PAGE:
It’s 1971 and the Troubles in Northern Ireland are at boiling point. The sectarian divide breeds violence which creates a hostile environment. Gary Hook (Jack O’Connell) is a young British soldier whose regiment is deployed to Belfast. During a routine assignment, Hook is separated from his regiment and finds himself hunted by the PIRA. No scene is wasted as every shot and plot point is used to benefit the story. ’71 is not a comfortable film but it is a well paced, gritty thriller that continues to show why O’Connell is fast becoming one of the UK’s finest actors with another sublime performance.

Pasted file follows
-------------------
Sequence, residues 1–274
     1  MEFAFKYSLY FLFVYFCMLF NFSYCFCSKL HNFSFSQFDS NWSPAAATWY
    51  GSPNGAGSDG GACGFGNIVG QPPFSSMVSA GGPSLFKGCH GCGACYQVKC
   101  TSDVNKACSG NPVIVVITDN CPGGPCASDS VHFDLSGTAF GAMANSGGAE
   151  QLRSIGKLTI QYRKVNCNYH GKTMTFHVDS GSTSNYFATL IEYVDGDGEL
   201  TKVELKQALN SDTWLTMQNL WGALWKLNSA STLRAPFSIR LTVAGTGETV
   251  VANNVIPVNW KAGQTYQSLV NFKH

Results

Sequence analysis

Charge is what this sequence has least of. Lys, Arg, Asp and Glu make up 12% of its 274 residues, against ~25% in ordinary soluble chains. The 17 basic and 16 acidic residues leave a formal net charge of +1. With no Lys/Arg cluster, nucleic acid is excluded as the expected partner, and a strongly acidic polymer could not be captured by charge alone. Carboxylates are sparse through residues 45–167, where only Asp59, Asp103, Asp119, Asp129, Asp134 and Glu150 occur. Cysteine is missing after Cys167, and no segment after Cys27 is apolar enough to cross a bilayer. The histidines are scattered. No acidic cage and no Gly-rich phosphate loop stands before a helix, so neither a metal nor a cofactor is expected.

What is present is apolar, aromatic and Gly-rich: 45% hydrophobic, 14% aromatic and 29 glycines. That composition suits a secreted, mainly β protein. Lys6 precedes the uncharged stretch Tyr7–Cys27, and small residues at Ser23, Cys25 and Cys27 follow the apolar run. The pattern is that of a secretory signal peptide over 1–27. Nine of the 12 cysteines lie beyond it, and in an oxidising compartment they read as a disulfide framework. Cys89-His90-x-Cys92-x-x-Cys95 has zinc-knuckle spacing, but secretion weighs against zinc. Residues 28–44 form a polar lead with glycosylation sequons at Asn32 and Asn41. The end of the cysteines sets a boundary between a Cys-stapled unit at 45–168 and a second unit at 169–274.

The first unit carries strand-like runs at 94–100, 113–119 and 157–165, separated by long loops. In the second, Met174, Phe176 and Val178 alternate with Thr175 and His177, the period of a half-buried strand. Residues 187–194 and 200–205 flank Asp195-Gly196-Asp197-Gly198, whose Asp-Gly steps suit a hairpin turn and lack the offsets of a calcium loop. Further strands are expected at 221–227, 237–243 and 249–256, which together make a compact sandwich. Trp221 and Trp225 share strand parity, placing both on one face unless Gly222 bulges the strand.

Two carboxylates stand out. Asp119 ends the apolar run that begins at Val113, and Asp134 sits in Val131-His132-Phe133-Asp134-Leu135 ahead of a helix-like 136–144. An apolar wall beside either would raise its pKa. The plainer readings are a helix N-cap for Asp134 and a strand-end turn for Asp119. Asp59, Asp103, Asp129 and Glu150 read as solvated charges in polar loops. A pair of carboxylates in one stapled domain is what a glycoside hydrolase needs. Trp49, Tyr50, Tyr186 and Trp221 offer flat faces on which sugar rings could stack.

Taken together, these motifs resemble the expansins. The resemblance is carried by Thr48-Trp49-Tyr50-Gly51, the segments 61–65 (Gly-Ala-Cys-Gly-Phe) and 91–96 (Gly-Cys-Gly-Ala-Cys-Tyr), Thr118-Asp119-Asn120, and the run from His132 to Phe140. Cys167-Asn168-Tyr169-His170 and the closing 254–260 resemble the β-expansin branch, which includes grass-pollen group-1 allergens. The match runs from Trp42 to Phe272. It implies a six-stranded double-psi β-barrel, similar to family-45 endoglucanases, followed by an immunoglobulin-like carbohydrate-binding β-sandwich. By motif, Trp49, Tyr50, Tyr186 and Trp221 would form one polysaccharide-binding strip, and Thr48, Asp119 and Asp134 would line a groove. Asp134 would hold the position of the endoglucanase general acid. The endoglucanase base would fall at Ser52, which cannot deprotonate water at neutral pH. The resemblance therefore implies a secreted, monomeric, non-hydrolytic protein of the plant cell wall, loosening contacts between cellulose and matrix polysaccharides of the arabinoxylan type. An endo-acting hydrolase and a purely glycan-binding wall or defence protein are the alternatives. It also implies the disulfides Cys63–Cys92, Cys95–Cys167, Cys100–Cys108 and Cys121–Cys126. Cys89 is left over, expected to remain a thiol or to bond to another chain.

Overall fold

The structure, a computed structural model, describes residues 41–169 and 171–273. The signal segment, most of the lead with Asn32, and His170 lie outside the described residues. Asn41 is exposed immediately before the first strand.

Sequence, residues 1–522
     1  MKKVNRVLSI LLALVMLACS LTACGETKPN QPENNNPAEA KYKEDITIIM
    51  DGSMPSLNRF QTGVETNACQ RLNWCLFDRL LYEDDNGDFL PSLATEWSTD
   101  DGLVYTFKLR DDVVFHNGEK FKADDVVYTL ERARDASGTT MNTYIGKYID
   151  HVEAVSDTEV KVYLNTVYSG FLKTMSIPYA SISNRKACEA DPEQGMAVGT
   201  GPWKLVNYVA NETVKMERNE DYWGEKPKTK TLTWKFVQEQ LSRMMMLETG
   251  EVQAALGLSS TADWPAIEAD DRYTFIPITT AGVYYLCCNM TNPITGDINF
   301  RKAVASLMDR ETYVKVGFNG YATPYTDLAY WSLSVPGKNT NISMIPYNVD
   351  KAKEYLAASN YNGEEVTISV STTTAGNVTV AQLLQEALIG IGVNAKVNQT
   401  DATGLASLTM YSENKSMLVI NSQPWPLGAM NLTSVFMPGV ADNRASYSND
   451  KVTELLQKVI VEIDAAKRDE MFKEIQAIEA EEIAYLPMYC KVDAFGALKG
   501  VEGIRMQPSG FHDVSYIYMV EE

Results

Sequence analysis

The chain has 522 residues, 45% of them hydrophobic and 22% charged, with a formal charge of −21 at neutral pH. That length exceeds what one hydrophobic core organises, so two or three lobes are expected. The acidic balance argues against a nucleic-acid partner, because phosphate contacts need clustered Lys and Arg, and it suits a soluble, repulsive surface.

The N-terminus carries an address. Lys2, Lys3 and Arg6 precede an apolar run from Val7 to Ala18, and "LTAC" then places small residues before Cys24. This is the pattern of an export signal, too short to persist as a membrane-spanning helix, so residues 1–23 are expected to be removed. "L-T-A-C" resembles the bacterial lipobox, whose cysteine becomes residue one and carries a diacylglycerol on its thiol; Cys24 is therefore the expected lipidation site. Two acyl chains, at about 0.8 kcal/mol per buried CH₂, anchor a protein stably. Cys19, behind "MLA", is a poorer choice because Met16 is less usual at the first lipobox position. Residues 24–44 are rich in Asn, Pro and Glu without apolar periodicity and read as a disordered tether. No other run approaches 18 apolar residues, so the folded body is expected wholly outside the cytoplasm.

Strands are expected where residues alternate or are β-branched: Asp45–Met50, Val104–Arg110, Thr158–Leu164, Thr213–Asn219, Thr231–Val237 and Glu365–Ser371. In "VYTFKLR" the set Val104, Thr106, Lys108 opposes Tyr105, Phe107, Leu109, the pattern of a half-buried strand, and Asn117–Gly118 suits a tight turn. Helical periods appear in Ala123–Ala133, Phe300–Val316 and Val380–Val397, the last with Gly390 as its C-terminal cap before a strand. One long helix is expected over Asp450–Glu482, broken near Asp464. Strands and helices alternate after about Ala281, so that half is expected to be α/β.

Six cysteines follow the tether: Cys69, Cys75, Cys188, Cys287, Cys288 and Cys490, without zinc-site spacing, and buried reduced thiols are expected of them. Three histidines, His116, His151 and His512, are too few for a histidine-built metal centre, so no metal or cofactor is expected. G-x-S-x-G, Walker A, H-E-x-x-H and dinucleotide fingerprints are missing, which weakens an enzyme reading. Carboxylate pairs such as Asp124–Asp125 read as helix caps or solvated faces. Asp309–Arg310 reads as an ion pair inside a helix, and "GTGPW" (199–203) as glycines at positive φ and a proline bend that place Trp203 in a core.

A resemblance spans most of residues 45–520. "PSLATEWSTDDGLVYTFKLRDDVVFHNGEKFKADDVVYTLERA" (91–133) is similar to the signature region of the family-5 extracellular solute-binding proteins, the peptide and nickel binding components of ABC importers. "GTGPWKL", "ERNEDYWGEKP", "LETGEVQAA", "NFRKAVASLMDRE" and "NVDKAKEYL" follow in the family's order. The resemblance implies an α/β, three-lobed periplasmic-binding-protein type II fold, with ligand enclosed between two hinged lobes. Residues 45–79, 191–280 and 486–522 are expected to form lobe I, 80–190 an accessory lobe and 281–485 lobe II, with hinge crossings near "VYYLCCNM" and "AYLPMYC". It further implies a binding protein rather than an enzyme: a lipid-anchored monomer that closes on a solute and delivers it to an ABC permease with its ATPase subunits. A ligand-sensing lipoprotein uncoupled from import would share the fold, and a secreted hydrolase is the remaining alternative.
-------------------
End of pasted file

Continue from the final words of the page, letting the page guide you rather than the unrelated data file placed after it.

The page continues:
3. The Wolf of Wall Street
Martin Scorsese and Leonardo DiCaprio team up for the fifth time in an adaptation of Jordan Belfort’s autobiography The Wolf of Wall Street. DiCaprio is on career defining form as Belfort, an utterly hateful character that nevertheless has us fixated for the three hours he’s on screen. Scorsese pushes the censors as much as he can with an expletive filled tale of debauchery that, as Morrissey said, would make Caligula blush. It’s over the top, compelling and assisted with phenomenal performances by Margot Robbie and Jonah Hill (not forgetting a scene stealing cameo from Mathew McConaughey). It won’t be to everyone’s tastes, but should satisfy those with an appetite for excessive depravity. It’s also very funny.
2. 12 Years a Slave